Take the 2-minute tour ×
Stack Overflow is a question and answer site for professional and enthusiast programmers. It's 100% free, no registration required.

I have a database that stores some users in it. Each user has its account settings, privacy settings and lots of other properties to set. The number of those properties started to grow and I could end up with 30 properties or so.

Till now, I used to keep it in "UserInfo" table having User and UserInfo related as One-To-Many (keeping a log of all changes). Putting it in a single "UserInfo" table doesn't sound nice and, at least in the database model, it would look messy. What's the solution?

Separating privacy settings, account settings and other "groups" of settings in separate tables and have 1-1 relations between UserInfo and each group of settings table is one solution, but would that be too slow (or much slower) when retrieving the data? I guess all data would not be presented on a single page at the same moment. So maybe having one-to-many relationships to each table is a solution too (keeping log of each group separately)?

share|improve this question
add comment

1 Answer

If it's only 30 properties, I'd recommend just creating 30 columns. That's not too much for a modern database to handle.

But I would guess that if you ahve 30 properties today, you will continue to invent new properties as time goes on, and the number of columns will keep growing. Restructuring your table to add columns every day may become time-consuming as you get lots of rows.

For an alternative solution check out this blog for a nifty solution for storing lots of dynamic attributes in a "schemaless" way: How FriendFeed Uses MySQL.

Basically, collect all the properties into some format and store it in a single TEXT column. The format is semi-structured, that is your application can separate the properties if needed but you can also add more at any time, or even have different properties per row. XML or YAML or JSON are example formats, or some object serialization format supported by your application code language.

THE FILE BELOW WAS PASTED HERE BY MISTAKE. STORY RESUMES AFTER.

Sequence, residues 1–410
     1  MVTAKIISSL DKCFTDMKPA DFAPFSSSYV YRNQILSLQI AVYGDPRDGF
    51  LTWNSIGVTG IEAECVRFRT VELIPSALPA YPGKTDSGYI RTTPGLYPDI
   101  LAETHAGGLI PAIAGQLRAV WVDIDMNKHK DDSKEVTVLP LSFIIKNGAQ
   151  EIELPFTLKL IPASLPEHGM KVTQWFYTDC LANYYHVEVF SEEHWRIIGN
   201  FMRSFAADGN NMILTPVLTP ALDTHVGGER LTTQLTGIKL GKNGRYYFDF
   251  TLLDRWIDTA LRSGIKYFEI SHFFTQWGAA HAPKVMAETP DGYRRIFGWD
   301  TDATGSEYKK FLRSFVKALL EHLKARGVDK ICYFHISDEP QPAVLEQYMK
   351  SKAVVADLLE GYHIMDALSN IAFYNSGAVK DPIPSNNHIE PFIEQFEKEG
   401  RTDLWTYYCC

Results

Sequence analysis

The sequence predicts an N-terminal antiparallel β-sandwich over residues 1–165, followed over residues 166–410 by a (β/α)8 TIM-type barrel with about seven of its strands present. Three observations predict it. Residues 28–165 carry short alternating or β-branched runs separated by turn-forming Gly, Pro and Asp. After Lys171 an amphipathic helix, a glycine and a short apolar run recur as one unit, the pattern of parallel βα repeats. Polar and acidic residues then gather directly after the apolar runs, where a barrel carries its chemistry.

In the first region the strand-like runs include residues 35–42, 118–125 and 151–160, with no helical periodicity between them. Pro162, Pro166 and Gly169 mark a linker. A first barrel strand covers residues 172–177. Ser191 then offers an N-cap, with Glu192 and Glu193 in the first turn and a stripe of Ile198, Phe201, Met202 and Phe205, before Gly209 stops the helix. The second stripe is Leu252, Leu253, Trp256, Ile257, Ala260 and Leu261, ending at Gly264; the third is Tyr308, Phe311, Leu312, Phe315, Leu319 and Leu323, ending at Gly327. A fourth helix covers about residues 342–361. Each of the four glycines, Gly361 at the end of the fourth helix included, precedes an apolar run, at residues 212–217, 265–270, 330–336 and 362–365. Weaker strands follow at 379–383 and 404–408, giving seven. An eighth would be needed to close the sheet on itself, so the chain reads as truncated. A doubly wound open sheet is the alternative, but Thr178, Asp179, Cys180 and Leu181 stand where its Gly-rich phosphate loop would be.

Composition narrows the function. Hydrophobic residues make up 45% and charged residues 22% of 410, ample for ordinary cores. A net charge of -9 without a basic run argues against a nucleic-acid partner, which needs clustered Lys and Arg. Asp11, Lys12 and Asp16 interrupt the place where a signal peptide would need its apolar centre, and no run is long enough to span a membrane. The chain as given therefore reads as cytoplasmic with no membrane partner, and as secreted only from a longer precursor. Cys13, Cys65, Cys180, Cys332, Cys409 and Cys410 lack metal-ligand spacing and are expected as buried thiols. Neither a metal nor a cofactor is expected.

CREATE TABLE Users (
  user_id SERIAL PRIMARY KEY, 
  user_proerties TEXT
);

This makes it hard to search for a given value in a given property. So in addition to the TEXT column, create an auxiliary table for each property you want to be searchable, with two columns: values of the given property, and a foreign key back to the main table where that particular value is found. Now you have can index the column so lookups are quick.

CREATE TABLE UserBirthdate (
  user_id BIGINT UNSIGNED PRIMARY KEY,
  birthdate DATE NOT NULL,
  FOREIGN KEY (user_id) REFERENCES Users(user_id),
  KEY (birthdate)
);

SELECT u.* FROM Users AS u INNER JOIN UserBirthdate b USING (user_id)
WHERE b.birthdate = '2001-01-01';

This means as you insert or update a row in Users, you also need to insert or update into each of your auxiliary tables, to keep it in sync with your data. This could grow into a complex chore as you add more auxiliary tables.

share|improve this answer
add comment

Your Answer

 
discard

By posting your answer, you agree to the privacy policy and terms of service.

Not the answer you're looking for? Browse other questions tagged or ask your own question.